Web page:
It's a different generation, and no matter how much we debate this point, we have to meet them where and how they are.
One thing parents kept saying to me at Open House after seeing the photos of their students, and listening to my presentation, is that my class was exciting!
That's what I try to do everyday, provide enthusiasm for learning!
It doesn't happen all the time, but more often than not, that's what is taking place in my classroom. :)






photo credit: Pink Sherbet Photography via photo pin cc


Monday, September 10, 2012

In Defense of the Teacher's Union! My Union is OK with Me!

She said I caused her daughter to have an asthma attack. She went to the principal and her child's teacher, told them I was "uppity", and that she was going to cause problems for me. She walked into my classroom and started yelling, and I had to have her removed.This occurred about 2005.

My former principal suggested a meeting, I agreed.  I loved my principal as a person, but as an administrator, well... I told him I was bringing my union rep. He told me I didn't need her, it was just a small meeting.  I ignored him. I explained the woman's behavior to my union rep and we agreed that if she became offensive, I would excuse myself from the meeting.

The meeting took place with my principal, the parent, myself and my rep. Thank goodness for my rep. She was there to make sure that, at that time, this single parent of two boys, would not lose her job because of this woman and her false accusations.  She was there to make sure that what occurred in that meeting was documented properly.  She was there to make sure that I was not verbally, or physically abused.

The principal said his piece, and asked the parent to respond. She stuck her finger towards my face, and said  "You have an attitude and you need to fix it!" I got up and walked out.  My union rep said she threatened to get her lawyers.  My union rep told her to go ahead. That was the end of that.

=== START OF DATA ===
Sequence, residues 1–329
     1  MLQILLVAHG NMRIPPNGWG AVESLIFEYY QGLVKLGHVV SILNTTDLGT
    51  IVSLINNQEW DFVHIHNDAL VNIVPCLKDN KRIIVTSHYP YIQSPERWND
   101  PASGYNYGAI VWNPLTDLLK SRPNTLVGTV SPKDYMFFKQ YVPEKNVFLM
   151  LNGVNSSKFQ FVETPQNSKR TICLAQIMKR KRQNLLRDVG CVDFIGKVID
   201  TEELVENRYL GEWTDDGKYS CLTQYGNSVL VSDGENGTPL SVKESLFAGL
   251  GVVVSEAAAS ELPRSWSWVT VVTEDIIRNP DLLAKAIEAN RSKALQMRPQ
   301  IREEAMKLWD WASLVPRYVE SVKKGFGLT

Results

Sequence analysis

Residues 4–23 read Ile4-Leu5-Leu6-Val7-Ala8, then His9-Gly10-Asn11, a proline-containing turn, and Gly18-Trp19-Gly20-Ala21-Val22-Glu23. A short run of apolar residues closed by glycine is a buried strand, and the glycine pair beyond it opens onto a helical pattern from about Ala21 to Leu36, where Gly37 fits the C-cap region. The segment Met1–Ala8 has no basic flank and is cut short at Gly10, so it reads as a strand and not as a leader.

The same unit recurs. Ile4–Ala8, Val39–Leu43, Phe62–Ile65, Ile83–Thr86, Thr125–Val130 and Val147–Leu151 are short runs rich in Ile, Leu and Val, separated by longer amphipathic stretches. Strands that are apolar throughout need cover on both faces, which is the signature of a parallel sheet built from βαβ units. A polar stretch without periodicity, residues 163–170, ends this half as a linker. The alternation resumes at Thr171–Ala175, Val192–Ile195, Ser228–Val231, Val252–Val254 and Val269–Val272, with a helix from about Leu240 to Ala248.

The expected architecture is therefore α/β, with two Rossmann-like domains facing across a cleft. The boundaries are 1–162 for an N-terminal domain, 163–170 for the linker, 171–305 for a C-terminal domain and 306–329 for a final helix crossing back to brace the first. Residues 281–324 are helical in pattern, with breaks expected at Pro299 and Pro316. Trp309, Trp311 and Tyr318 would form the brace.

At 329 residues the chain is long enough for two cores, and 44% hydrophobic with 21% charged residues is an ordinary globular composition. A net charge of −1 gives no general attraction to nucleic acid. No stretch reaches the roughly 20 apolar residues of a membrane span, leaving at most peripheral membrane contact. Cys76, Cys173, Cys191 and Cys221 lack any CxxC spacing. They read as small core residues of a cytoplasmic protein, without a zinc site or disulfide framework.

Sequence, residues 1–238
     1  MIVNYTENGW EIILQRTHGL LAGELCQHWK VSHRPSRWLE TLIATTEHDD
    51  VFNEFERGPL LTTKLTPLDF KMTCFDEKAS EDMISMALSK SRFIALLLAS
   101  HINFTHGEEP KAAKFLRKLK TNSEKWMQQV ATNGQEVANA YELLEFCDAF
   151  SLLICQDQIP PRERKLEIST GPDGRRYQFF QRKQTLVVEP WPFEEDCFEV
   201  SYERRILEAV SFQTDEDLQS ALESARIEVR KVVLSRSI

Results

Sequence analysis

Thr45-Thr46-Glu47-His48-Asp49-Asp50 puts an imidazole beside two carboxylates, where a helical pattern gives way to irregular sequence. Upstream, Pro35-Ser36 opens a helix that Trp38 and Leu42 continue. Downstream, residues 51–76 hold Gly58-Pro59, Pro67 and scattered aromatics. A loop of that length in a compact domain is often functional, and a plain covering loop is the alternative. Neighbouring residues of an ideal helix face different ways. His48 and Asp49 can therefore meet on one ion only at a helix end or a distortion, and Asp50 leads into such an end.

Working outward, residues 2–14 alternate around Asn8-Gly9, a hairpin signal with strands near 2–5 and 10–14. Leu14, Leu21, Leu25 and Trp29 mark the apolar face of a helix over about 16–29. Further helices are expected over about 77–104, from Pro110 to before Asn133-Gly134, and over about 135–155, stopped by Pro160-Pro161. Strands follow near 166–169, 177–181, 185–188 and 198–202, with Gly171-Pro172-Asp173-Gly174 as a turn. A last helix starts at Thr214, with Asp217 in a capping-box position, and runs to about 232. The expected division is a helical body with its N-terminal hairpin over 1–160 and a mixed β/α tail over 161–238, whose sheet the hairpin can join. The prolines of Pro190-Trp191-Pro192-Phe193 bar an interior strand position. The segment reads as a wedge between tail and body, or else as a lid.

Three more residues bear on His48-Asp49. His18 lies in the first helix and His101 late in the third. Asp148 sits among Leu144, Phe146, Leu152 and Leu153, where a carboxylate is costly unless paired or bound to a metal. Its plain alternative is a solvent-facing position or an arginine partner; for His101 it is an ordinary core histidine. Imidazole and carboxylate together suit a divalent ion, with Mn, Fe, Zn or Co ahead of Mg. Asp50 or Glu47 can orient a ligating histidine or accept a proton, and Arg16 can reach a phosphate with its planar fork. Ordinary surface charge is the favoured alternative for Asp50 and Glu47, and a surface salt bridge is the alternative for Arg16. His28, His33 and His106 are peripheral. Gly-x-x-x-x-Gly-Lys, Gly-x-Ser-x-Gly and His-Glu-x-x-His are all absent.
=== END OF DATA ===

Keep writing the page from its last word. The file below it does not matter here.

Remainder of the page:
What would have been the outcome if I did not have union support?

 I started thinking about the power of my union after I read an article written by an NEA member. But, it wasn't the article that struck me, it was the myriad of negative comments about the union that followed the article. What did the union do to these people to make them so...so harsh?

Unions = power, and I don't see anything wrong with that. Unions = power, and that is what scares many politicians that are fighting to get rid of them. It's not the teachers' union vs. teachers vs.children, as some might have us believe. We are not helpless sheep being led by the nose by the big,bad, unions. The teachers' union represents us, each of our voices raised as one, providing the chance to be heard!

I was listening to two DJs comment on the Chicago strike. One of them, the daughter of a teacher, the other, a DJ.  He thought the teachers should go back for the "greater good" of the students. He should read this article.  The teacher's daughter let him have it, "teachers don't do this for the money, but they deserve to get paid for what they do!" Amen! Thousands of teachers are on strike, a decision I am sure their union did not come to lightly.